Sometimes the vast nature surrounding us makes us feel small, but the legacy of our history always reminds us how enormous a dream is for humankind's path.


Patagonia had been the subject of several expeditions since the early 19th century. A source of interest for many reasons, among them the quest to discover the Santa Cruz River’s headwaters. First, Charles Darwin and Fitz Roy attempted to find it but failed. Years later, Valentin Feilberg reached the source: a vast lake, but in fact he had instead come across Lago Viedma. Finally, an expedition commanded by Francisco Perito Moreno identified the lake as a distinct body of water and named it Lago Argentino.


Parallel to the arrival of the Masters in Patagonia, an English journalist named Hesketh Prichard went on an expedition to the northern area of Lago Argentino in search of the Milodon, a giant sloth bear from prehistoric times. The reporter believed the animal was alive and had taken refuge in the cold Patagonian forests, but the search was fruitless.
Prichard traveled through the unexplored area now known as the Río Caterina valley (present location of Estancia Cristina).


The giant glacier, first sighted by Hesketh Prichard, was immortalized by a Swedish expedition in 1908. When Professor Percy Quesnel from Upsala University noticed the immensity of the Glaciar Upsala, he named it in honor of his prestigious academic home. Today, it is one of the main attractions in Parque Nacional Los Glaciares.


The Italian explorer, Father Agostini, led the investigation of the mountain range area as part of an Argentine project to create a protected area. This exploratory trip resulted in the foundation of Parque Nacional Los Glaciares, a reserve that protects an unparalleled natural heritage for the enjoyment of all. It also meant the Masters’ resignation of legal ownership of their land as the Estancia fell within the borders of the park.


Over the years, and with the arrival of climbers to the region, Argentina recognized the importance of exploring the glaciers and the Campo de Hielo Patagónico Sur. In order to do so, they built shelters throughout the entire mountain range. The first refugio is still standing within Estancia Cristina’s territory and can be visited when arriving at the Upsala Glacier land-based lookout point, which offers the closest view of the enormous glacier that can be had from anywhere inside the park.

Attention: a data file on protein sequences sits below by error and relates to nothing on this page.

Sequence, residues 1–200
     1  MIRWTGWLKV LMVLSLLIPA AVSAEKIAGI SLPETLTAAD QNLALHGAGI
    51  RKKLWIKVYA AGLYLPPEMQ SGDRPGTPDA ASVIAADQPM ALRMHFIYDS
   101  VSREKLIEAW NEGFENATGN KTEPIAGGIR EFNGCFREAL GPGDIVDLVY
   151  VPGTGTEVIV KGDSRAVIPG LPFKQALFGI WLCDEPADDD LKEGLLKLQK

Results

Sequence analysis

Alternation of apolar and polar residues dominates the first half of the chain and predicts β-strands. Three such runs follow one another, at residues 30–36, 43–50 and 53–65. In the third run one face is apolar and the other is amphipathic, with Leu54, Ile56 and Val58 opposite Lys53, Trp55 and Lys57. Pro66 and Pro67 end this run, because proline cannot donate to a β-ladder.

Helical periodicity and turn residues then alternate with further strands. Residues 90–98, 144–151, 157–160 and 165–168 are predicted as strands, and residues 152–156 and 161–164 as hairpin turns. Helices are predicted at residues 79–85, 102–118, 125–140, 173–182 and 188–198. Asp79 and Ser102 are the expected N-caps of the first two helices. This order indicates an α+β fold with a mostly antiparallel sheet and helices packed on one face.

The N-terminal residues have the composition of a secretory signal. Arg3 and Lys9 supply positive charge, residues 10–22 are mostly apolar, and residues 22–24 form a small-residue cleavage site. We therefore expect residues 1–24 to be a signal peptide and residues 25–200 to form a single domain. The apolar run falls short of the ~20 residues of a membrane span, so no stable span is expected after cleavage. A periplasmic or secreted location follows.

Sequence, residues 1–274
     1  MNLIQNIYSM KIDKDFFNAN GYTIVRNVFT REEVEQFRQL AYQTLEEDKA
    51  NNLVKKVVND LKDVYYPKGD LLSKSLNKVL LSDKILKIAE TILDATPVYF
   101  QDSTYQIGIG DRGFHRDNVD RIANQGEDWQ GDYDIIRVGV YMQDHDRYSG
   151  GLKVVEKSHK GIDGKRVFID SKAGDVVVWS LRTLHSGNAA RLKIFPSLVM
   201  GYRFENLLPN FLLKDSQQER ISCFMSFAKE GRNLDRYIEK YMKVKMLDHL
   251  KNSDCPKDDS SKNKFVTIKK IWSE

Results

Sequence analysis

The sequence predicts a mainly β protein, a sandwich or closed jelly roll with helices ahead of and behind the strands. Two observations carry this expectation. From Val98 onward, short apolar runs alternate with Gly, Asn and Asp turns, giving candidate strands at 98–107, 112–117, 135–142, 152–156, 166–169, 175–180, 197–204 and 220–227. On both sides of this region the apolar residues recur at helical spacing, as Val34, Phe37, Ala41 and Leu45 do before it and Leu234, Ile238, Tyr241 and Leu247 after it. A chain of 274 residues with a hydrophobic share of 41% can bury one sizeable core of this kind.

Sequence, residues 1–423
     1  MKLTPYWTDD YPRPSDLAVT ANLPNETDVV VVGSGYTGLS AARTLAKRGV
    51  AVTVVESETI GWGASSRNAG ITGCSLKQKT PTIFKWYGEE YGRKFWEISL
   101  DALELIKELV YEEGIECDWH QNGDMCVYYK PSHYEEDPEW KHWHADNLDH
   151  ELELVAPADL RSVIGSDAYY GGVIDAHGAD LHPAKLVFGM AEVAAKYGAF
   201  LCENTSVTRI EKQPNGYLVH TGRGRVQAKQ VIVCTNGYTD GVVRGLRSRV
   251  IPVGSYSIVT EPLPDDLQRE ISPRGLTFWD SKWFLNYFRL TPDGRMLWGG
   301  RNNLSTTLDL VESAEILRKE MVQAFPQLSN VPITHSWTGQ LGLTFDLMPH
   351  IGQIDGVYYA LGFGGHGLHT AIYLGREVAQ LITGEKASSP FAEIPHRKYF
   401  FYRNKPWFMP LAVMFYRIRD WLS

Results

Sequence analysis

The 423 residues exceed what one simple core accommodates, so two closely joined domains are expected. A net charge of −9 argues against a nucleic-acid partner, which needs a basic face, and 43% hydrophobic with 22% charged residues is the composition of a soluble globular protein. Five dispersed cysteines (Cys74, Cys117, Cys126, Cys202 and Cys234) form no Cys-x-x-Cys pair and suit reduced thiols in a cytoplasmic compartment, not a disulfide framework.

In order to increase air travel between Argentina and Antarctica, the Argentine Air Force modified its aircraft to land on ice and snow. The places chosen for their pilots to practice were Estancia Cristina and the Glaciar Upsala.
After the successful tests, Argentina became the first nation to complete a transpolar flight.


Using a battery powered by a wind turbine, the pioneer Herbert Masters installed a radio in the Estancia and joined the lengthy list of global amateurs. Communication with people from around the world helped to alleviate Patagonia’s solitude. A hobby that generated thousands of contacts and converted friends into a family for people living in a remote part of the Earth.


Jorge and Pedro Skvarca, pioneer climbers in the area, reached the summit of Cerro Norte, which dominates the view of the Valle Caterina in Estancia Cristina’s territory. These climbers were great friends of the Masters family, and Pedro Skvarca still lives in El Calafate, where he runs the “Glaciarium,” a museum dedicated to the science of glaciers.